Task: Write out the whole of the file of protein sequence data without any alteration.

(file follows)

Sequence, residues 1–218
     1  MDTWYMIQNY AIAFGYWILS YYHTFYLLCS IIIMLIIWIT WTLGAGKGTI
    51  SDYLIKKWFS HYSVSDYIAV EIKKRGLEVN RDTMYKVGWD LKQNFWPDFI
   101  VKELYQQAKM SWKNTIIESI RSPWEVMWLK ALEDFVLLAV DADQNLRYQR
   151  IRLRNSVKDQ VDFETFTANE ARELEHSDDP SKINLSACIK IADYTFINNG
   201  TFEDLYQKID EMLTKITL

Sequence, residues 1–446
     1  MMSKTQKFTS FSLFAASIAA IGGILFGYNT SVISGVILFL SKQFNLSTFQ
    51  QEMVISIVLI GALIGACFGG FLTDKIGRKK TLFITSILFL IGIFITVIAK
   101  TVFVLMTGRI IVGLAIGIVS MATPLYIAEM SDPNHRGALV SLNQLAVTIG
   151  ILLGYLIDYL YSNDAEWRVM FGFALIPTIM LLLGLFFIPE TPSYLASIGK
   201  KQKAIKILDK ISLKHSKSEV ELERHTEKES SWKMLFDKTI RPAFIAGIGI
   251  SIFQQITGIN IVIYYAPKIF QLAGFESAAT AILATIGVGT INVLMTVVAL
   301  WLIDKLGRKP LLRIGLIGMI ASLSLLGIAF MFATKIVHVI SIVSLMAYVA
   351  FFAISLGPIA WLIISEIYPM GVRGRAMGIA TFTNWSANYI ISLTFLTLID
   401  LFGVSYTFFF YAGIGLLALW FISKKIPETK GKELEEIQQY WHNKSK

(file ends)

Sequence, residues 1–218
     1  MDTWYMIQNY AIAFGYWILS YYHTFYLLCS IIIMLIIWIT WTLGAGKGTI
    51  SDYLIKKWFS HYSVSDYIAV EIKKRGLEVN RDTMYKVGWD LKQNFWPDFI
   101  VKELYQQAKM SWKNTIIESI RSPWEVMWLK ALEDFVLLAV DADQNLRYQR
   151  IRLRNSVKDQ VDFETFTANE ARELEHSDDP SKINLSACIK IADYTFINNG
   201  TFEDLYQKID EMLTKITL

Sequence, residues 1–446
     1  MMSKTQKFTS FSLFAASIAA IGGILFGYNT SVISGVILFL SKQFNLSTFQ
    51  QEMVISIVLI GALIGACFGG FLTDKIGRKK TLFITSILFL IGIFITVIAK
   101  TVFVLMTGRI IVGLAIGIVS MATPLYIAEM SDPNHRGALV SLNQLAVTIG
   151  ILLGYLIDYL YSNDAEWRVM FGFALIPTIM LLLGLFFIPE TPSYLASIGK
   201  KQKAIKILDK ISLKHSKSEV ELERHTEKES SWKMLFDKTI RPAFIAGIGI
   251  SIFQQITGIN IVIYYAPKIF QLAGFESAAT AILATIGVGT INVLMTVVAL
   301  WLIDKLGRKP LLRIGLIGMI ASLSLLGIAF MFATKIVHVI SIVSLMAYVA
   351  FFAISLGPIA WLIISEIYPM GVRGRAMGIA TFTNWSANYI ISLTFLTLID
   401  LFGVSYTFFF YAGIGLLALW FISKKIPETK GKELEEIQQY WHNKSK